'Deputy' Canceled at Fox

DEPUTY - Stephen Dorff in the Graduation Day - Jan. 2- FOX Publicity-H 2020
Erika. Doss/FOX

Fox is beginning to thin its herd.

The independent broadcast network on Friday made the decision to cancel the rookie drama Deputy. The Western procedural from creator Will Beall was produced by Entertainment One, with Fox as a co-producer.

Deputy launched in January to lackluster reviews and, after completing its 13-episode run, has 40 percent and 57 percent ratings among critics and viewers, respectively, on the aggregation site RottenTomatoes.com.

Sources say the decision to cancel the series a week after it concluded its run had nothing to do with the state of the industry amid the coronavirus crisis and was made purely based on ratings. Deputy wrapped its 13-episode run on March 26 with an average of 3.66 million total viewers.

Not helping matters was the fact that series star Stephen Dorff, who was among last season's most in-demand actors coming off of a critically hailed turn on HBO's True Detective, had a sizable per-episode fee said to be north of $250,000 (plus executive producer fees). Deputy also made a showrunner change ahead of its debut, with Kim Harrison upped from EP to replace Barry Schindel at the helm.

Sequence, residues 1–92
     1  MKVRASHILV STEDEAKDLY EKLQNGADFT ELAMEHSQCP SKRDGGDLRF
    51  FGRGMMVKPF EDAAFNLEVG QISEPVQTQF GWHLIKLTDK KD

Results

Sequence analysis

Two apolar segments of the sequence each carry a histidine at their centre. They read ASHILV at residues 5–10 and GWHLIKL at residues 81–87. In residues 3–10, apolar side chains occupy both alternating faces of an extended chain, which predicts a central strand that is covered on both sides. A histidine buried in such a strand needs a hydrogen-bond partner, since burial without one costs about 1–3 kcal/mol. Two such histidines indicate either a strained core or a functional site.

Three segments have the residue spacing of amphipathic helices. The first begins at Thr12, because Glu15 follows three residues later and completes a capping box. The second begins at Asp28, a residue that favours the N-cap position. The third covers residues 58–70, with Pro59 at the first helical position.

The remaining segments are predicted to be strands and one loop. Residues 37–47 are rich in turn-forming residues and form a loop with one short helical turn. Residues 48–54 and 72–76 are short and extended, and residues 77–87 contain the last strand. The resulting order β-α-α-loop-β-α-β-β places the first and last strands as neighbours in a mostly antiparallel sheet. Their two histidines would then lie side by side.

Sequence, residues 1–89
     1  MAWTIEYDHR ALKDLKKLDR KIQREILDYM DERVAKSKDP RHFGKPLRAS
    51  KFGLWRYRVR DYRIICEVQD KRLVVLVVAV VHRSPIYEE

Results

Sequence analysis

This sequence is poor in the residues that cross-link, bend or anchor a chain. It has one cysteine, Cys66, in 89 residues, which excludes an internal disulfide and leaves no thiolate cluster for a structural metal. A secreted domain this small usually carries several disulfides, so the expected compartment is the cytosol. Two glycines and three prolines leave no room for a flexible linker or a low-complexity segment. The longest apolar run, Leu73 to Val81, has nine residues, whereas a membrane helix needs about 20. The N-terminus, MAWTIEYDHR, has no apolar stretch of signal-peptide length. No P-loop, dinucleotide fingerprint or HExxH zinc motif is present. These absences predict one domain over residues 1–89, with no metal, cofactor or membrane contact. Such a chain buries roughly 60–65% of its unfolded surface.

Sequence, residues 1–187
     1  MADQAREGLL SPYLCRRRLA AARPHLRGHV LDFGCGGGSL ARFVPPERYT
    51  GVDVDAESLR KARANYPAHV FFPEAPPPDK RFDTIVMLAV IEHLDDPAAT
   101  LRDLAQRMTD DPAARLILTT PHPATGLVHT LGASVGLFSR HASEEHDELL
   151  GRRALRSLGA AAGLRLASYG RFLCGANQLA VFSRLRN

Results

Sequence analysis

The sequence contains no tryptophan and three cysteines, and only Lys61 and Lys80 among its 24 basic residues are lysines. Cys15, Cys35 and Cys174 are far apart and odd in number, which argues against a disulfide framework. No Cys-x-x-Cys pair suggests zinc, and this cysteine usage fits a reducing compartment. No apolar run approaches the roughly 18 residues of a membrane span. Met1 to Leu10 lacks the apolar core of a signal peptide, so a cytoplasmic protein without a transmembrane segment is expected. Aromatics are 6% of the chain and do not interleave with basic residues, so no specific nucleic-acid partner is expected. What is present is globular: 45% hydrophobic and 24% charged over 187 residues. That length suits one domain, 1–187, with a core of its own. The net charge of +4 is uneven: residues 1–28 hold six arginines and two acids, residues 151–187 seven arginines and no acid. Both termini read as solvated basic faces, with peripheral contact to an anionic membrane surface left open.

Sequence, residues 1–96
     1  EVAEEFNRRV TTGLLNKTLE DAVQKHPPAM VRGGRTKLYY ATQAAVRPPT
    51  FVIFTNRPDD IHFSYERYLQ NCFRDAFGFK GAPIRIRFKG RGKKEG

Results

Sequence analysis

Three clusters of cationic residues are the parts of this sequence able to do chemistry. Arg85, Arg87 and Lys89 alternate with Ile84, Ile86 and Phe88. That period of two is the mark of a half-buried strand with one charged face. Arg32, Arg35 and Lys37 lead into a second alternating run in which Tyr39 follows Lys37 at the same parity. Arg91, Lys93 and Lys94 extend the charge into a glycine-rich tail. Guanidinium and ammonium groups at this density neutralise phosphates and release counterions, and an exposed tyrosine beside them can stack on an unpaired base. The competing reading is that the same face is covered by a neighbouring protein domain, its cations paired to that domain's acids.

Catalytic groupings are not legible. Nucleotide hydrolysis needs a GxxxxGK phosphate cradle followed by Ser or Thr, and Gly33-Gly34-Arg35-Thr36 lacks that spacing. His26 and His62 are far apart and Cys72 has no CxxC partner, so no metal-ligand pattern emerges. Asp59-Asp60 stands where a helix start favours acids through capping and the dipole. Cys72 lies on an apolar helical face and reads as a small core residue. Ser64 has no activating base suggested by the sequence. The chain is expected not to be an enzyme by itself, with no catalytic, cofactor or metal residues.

The series was also produced by David Ayer and Chris Long's Cedar Park banner. Yara Martinez, Brian Van Holt, Bex Taylor-Klaus, Sienna Goines and Shane Paul McGhie co-starred.

Fox has only made a few renewal decisions for the 2020-21 broadcast season, with early pickups for the animated series Family Guy, The Simpsons and Bless the Harts. Animated shows typically receive early renewals as they require at least a year to deliver episodes. Of Fox's freshman class, the network has already axed the critical punching bag Almost Family